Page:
If you look at the MLB depth charts page for the Orioles, it shows Nate McLouth and Nolan Reimold in a platoon in left field. Dan Duquette has stated that he is finished with the outfield this offseason after bringing back McLouth and trading for Trayvon Robinson of the Mariners. The Orioles have been trying all offseason to add a middle of the order type of bat to play first base or DH, but should they fail to do that, this is the team that will start the season. Does it make sense for the Orioles to go into the season planning on using platoons at two positions (maybe DH too)? It just may happen so let’s take a look at the possible platoon in left field.
Nate McLouth was resigned to a 1 year $2 million contract in order to play left field for the Orioles in 2013. But should he start every day or does he need a caddy to play the position when the Orioles face a left handed starter? Let’s take a look at his career splits versus left and right handed pitching.
McLouth has over 2,000 plate appearances in his career versus right handed pitching and has a 110 wRC+ against them. In other words, McLouth has been 10% better than league average against right handed pitching throughout his career. He’s gotten on base against righties at a reasonable rate (.346) as well. Even his power output against right handers, represented here by his isolated slugging percentage has been well above league average.
However, as shown in The Book we have to regress McLouth’s performance against left handers against 1,000 plate appearances of league average performance against left handers in order to get a true feel for his platoon split. Luckily for me (so I didn’t have to do it), Matt Klaassen of Fangraphs just recently put together league average performance for hitters against left and right handed pitchers. After regressing McLouth’s performance against 1,000 league average plate appearances of left on left performance, we see that McLouth is more likely a .295 wOBA hitter versus lefties and a .343 wOBA hitter versus righties. Even though it seems from the raw stats that McLouth has a rather large platoon split, it’s actually not much worse than the league average split for lefties against left handed pitching. His career split is .053 of wOBA, while league average was .041 points.
His proposed platoon partner Nolan Reimold is right handed so one would assume that he’s been better against left handed pitching in his career. But as we see from the data below, that hasn’t been the case.
Reimold has actually been better against right handed pitching in his brief career, which in reality is less than 2 seasons worth of full time plate appearances. Because of the relatively small sample and the fact that The Book has told us that we need to regress right handers performance against 2,200 league average plate appearances, we need to regress Reimold’s observed platoon split pretty heavily. After regression and assuming that Reimold’s career .346 wOBA is a measure of his true talent, we find that his true talent is more likely to be a .340 wOBA versus right handed pitching and .356 against left handed pitching. Even though Reimold has exhibited a reverse platoon split over his career so far, it’s very unlikely that his observed performance is real. It’s much more likely that he’s better against left handed pitching.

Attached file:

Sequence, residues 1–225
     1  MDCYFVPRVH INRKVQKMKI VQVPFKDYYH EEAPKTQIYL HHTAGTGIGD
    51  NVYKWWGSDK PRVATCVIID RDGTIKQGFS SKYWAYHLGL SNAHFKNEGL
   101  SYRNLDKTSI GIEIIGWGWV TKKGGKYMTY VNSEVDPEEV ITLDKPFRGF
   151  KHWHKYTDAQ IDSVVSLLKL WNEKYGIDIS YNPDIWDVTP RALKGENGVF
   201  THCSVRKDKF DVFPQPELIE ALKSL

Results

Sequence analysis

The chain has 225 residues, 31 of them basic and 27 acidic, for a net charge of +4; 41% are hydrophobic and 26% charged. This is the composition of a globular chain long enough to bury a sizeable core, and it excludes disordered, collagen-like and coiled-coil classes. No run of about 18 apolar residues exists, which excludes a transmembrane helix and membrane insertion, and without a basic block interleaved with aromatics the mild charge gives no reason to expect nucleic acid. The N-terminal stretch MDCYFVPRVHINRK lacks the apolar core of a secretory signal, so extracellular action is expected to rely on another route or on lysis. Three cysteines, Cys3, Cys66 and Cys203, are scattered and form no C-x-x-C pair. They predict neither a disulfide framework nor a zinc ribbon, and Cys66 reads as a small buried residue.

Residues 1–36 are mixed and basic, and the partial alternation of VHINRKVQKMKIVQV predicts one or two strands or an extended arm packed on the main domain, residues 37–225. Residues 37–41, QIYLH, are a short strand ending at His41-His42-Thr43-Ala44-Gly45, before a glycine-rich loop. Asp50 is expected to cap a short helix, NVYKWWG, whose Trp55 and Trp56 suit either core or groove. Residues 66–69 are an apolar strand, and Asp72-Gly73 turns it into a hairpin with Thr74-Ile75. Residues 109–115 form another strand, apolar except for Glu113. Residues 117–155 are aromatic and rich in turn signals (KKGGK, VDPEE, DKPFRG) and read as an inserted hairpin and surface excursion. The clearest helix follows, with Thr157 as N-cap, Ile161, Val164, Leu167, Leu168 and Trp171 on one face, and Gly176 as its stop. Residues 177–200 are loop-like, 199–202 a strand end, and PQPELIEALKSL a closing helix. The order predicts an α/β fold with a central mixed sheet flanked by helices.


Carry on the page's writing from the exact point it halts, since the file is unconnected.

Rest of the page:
McLouth does have a slightly higher regressed wOBA against right handed pitching (.343 to .340). The data actually tells us that Nolan Reimold doesn’t need to be platooned at all, since his regressed wOBA against RHP is still far above the league average of .315. However, as I said on the most recent Bird Talk podcast, it’s possible that putting Reimold in a platoon which would keep him out of the field most days will keep him healthy. He’s had myriad health problems over the last few years, including a frayed achilles tendon and the herniated disc in his neck that ended his 2012 season.
A good plan for the Orioles in 2013 could be to start off with a left field platoon of McLouth and Reimold. If Reimold is able to stay healthy, he could start to take more at bats away from McLouth as the team moves later into the season. Late in games, Reimold could pinch hit for McLouth if the opposition brings in a lefty to face him. Reimold wouldn’t need the same treatment against right handed relievers because he’s shown he can handle them adequately. There’s also the issue of defense, where I would say McLouth is slightly better but not by enough to outweigh the offensive advantages late in a game.
Understanding that platoons limit the amount of flexibility a manager has, I would still be in favor of platooning McLouth and Reimold in left field to start the season. A platoon would allow each of them to hide their biggest weakness so far in their career, hitting lefties for McLouth and staying healthy for Reimold. Nolan has the potential to become an every day player down the line for the Orioles, but he has to prove that he can stay healthy in a part time role first. If he’s able to do that and sustain his performance, he could turn into a much more important player for the Orioles.